Yet another creepy film followed. Moviegoers spent only $7.9M on the opening weekend of the Cameron Diaz suspense thriller The Box, according to estimates. The Warner Bros. release bowed in 2,635 locations but averaged a weak $2,981 per site. The R-rated pic told the tale of a mysterious box with a button that when pushed would give a person one million dollars but also kill an unknown person somewhere else in the world. Reviews were mixed but audiences did not buy into it, especially with many other scary movie options out there.

Universal’s relationship comedy Couples Retreat enjoyed a remarkable fifth frame as its weekend take dipped by only one half of one percent to $6.4M. Flat with last weekend, the Vince Vaughn pic is still taking advantage of a fall box office curiously lacking funny choices for adults. Part of the strong hold can be attributed to a solid Saturday which bounced back 30% from last weekend’s Halloween-affected gross. Total stands at $96M and Couples will cross the $100M mark by the end of the week following right behind Paranormal Activity.


Also enjoying a solid hold was the revenge thriller Law Abiding Citizen which slipped only 17% to an estimated $6.2M for a $60.9M sum. Where the Wild Things Are followed in ninth with an estimated $4.2M, down 29%, while fellow kidpic Astro Boy ranked tenth with an estimated $2.6M, off 25%. Totals are $69.3M and $15.1M, respectively.

The weekend’s big story came in limited release with the sensational launch of the award-winning drama Precious which debuted in just 18 theaters but grossed an estimated $1.8M for an eye-popping $100,000 average per location. Lionsgate opted to open the critically acclaimed awards contender in four markets – industry towns New York and Los Angeles plus Chicago and Atlanta, homes of executive producers Oprah Winfrey and Tyler Perry respectively who have pledged their full support to the pic. The R-rated film has generated buzz all year from the film industry’s top three festivals (Sundance, Cannes, and Toronto), attracted fans of the popular book which the pic was based on, and played to the large crowds that the two media moguls have.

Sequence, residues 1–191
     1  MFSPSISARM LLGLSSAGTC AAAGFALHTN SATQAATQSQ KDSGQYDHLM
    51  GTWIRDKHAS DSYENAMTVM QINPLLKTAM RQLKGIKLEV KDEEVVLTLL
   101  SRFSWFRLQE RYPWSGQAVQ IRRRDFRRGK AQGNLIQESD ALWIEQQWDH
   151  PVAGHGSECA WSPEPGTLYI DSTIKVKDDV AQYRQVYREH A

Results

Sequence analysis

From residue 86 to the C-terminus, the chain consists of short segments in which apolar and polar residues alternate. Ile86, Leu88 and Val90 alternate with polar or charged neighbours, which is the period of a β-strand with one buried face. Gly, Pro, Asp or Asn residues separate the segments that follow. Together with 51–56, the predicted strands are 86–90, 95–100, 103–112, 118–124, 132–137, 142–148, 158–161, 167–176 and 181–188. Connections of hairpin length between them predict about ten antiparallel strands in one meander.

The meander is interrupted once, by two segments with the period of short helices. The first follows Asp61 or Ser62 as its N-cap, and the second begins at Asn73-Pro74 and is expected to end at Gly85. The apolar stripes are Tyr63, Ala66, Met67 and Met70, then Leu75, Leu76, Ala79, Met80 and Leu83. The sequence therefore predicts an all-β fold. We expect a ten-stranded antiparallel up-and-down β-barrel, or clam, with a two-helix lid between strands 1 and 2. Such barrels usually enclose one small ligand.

The Precious numbers were among the best ever seen by any film. Other notable limited release films with sensational opening averages include 2006’s Dreamgirls with its $25 tickets ($126,317 average from 3 theaters), 2005’s Brokeback Mountain ($109,485 from 5), the same year’s Memoirs of a Geisha ($85,313 from 8), 2007’s Juno ($59,124 from 7), 1999’s American Beauty ($53,846 from 16), and that same year’s The Blair Witch Project ($56,002 from 27). Last month after two amazing weeks of only midnight shows, Paranormal Activity‘s first regular weekend of limited play resulted in a stellar $49,379 average from 160 playdates.

The Precious numbers were among the best ever seen by any film. Other notable limited release films with sensational opening averages include 2006’s Dreamgirls with its $25 tickets ($126,317 average from 3 theaters), 2005’s Brokeback Mountain ($109,485 from 5), the same year’s Memoirs of a Geisha ($85,313 from 8), 2007’s Juno ($59,124 from 7), 1999’s American Beauty ($53,846 from 16), and that same year’s The Blair Witch Project ($56,002 from 27). Last month after two amazing weeks of only midnight shows, Paranormal Activity‘s first regular weekend of limited play resulted in a stellar $49,379 average from 160 playdates.

Lionsgate will expand Precious into five more markets on Friday (San Francisco, Dallas, Houston, Philadelphia, and Washington D.C.) and then go wide on November 20. It should jump into the top ten next weekend ahead of what could be a prolonged run through awards season leading up to the Oscars in early March.


Elsewhere in limited release, the French art film La Danse: The Paris Opera Ballet bowed to an estimated $14,000 from only one New York theater with most shows selling out over the weekend. The Zipporah Films release banked a solid $21,220 since its Wednesday launch and will expand to Los Angeles and Chicago on November 20. Also doing well in its debut in a solo Manhattan house was the romantic comedy Splinterheads which grossed an estimated $12,000 for new distributor Paladin. It widens to Austin and Portland on Friday.